But really what Yah'shua (Jesus) is talking about is not just the national or the global reign of righteousness-to-come, but the need every man and woman has to have righteousness established within. We have a need not just to be right with one another but to be right with Elohim (God) too because separation or estrangement does not bring simcha (joy). How do we become righteous? By doing righteous deeds?
Human Deeds Like Filthy Rags
We can never get right with a qodesh (holy, set-apart) Elohim (God) by doing deeds of righteousness. Like Joshua the Cohen Gadol (High Priest) we discover to our dismay that we are wearing filthy spiritual clothing (Zech.3:3-4) and that all our efforts to 'change' into something clean are futile. Our attempts to be 'spiritual', 'holy' or 'righteous' by acts of self-will fail again and again:
The Road to Becoming Righteous
"But we are all like an unclean thing, and all our righteousnesses are like filthy rags" (Isa.64:6, NKJV).
The word "filthy" here is the Hebrew 'ed and means 'menstrual flux'. Our attempts at being 'good' or 'righteous' are therefore likened to a soiled menstrual cloth - a used sanitary pad in modern parlance! So how do we become righteous in Yahweh's eyes? It is a process and understanding the steps is critical.
The Gift of Being Declared Righteous: Justification
First, comes the realisation that to be declared righteous by Yahweh is a gift from Him and not something presented to Him as something we have earned through good deeds. We have to be in possession of a heavenly endowment that is given by Yahweh without cost. It has to be received by man without any attempted payment. It only becomes possible for man to do righteous deeds after he has received the free gift of being declared righteosness (known as Justification) from the Heavenly Authority. And man can only receive that by the unconditional surrender to his life to Elohim (God). He totally, fully and willingly yields self-sovereignty.
Sanctification and Ultimate Glorification Through the Ruach
The gift of being declared righteous (the Heavenly Decree or Davar/Word which cannot be broken and is effective anywhere in the Universe and at all times) is accompanied by the gift of the Ruach haQodesh (Holy Spirit). It is the Ruach (Spirit) who enables us to live in purity and righteousness as we make choices to do what is right. The effect of being conrolled and directed by the Ruach (Spirit) as we make daily choices to do good and by implementing the Father's Torah in our daily living, results in a progressive change of our spirits inside known as Sanctification. This becomes visible to others observing in us a character-change - we become more and more like Yah'shua (Jesus). And finally, when Yah'shua (Jesus) returns, we shall be changed - transformed - even more, but this time also in our bodies when we are physically resurrected. This completed transformation, inwardly in our spirits and outwardly in our bodies, in is called Glorification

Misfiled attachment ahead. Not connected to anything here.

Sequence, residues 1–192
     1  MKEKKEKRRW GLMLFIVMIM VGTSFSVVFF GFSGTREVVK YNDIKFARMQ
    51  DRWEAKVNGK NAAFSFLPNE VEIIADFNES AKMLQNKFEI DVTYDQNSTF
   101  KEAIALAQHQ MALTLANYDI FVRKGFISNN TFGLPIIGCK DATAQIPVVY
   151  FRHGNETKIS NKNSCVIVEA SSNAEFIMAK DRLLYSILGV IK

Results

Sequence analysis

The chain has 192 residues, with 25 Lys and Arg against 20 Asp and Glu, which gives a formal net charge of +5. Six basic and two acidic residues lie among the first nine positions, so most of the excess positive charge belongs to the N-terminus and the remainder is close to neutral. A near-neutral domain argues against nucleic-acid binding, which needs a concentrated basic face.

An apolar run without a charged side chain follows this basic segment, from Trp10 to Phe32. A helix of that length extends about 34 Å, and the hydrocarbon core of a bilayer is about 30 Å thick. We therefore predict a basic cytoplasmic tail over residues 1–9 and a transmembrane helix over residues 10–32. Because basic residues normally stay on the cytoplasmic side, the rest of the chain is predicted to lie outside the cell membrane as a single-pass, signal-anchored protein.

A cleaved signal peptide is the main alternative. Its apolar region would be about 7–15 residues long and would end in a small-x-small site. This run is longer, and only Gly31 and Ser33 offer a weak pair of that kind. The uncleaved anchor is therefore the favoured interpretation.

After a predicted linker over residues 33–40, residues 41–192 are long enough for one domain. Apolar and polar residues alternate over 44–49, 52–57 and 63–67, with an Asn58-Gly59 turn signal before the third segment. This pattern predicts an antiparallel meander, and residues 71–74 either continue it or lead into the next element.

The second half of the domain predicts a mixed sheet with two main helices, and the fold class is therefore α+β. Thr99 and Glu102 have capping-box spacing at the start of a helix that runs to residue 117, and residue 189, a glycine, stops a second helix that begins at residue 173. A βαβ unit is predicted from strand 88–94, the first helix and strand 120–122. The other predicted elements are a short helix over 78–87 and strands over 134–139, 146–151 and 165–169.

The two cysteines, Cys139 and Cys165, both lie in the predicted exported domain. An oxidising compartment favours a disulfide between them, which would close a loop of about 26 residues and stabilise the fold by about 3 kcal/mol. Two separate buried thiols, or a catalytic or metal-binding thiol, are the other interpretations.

From Theory to Existential Experience
Most Christians understand the theology of these things but struggle to find that passion or intense desire for that righteousness. Most of us, if we're honest, view all of this as something far off, distant, or intellectual, and not something to be easily grasped or made real in day-to-day life. It remains trapped in the realm of philosophy. So what do we do if we are just plodding on as fairly placid talmidim (disciples) and clearly lacking this hunger and thirst? Perhaps we were once, and have lost it. Or maybe we never experienced it. What are we to do to get hungry and thirsty? How is his passion for righteousness obtained? We most of us find it easy to say "Amen!" to it in our heads but how do we feel it in our hearts in the same way we feel a gnawing emptiness in our stomachs when we're hungry for food or parched throats when we're thirsty for water? How do we find the intensity?
From Commitment to Covenant Followed by Evidence
Though Yahweh most certainly does kindle sudden fires in us, both at the initial New Birth and subsequently after periods of stagnation, by far the most common and unpopular method (because we're spiritually lazy by nature) is through progressive yielding or surrendering of our yatsurim (members - Job 17:7) or spiritual limbs to Yah'shua (Jesus) so that they can become instruments of righteousness, directed and animated by the Ruach (Spirit). This can only start with a commitment to Yahweh's will, that is to say, a binding covenant. We learn commitment both at Yom haBikkurim which is represented in baptism which represents a general commitment to follow Messiah, and at Shavu'ot which is the covenant to follow the minutae or details of Yahweh's Torah in the mitzvot (commandments). Our obedience to these is the evidence that we actually meant our general commitment to be a talmid (disciple) of Messiah. Indeed, that's how we can test ourselves to see whether our initial commitment was real or just words.
The Journey and the Experience
The more we commit, the more the Ruach (Spirit) is poured into us and the more we are led into righteousness. And the more we are led into righteousness, the closer we live to the Master, and the more sensitive we become to the unrighteousness and injustice of the world. The more sensitive we become to these, the more passionate we come for the full manifestation of the Kingdom in our personal lives, in our marriages, in our families, and in our local fellowship, community, nation and the world. We may not be able to make much of an impact on the large scale but we most definitely can and should on the small. And when many are doing this, then there is an impact higher up.
Dealing With Spiritual Sluggishness
As we labour in this our called fields in life, so our longing for righteousness will grow and grow until we are on fire. When we grow sluggish, as we do when doubt or let carelessness set in, then repenting will result in the Ruach (Spirit) giving us a boost. Thereafter it's up to us to keep on making right choices, trusting in spiritual empowerment from on High, and bringing the Besorah (Gospel) of Salvation to everyone we can.
That is what it means to hunger and thirst for righteousness and that is how we get to, and stay in, that blessed state of being always filled. Amen.
 Adapted from, Allen Ross, An Exposition of the Gospel of Matthew, the Beatitudes (Matthew 5:1-12)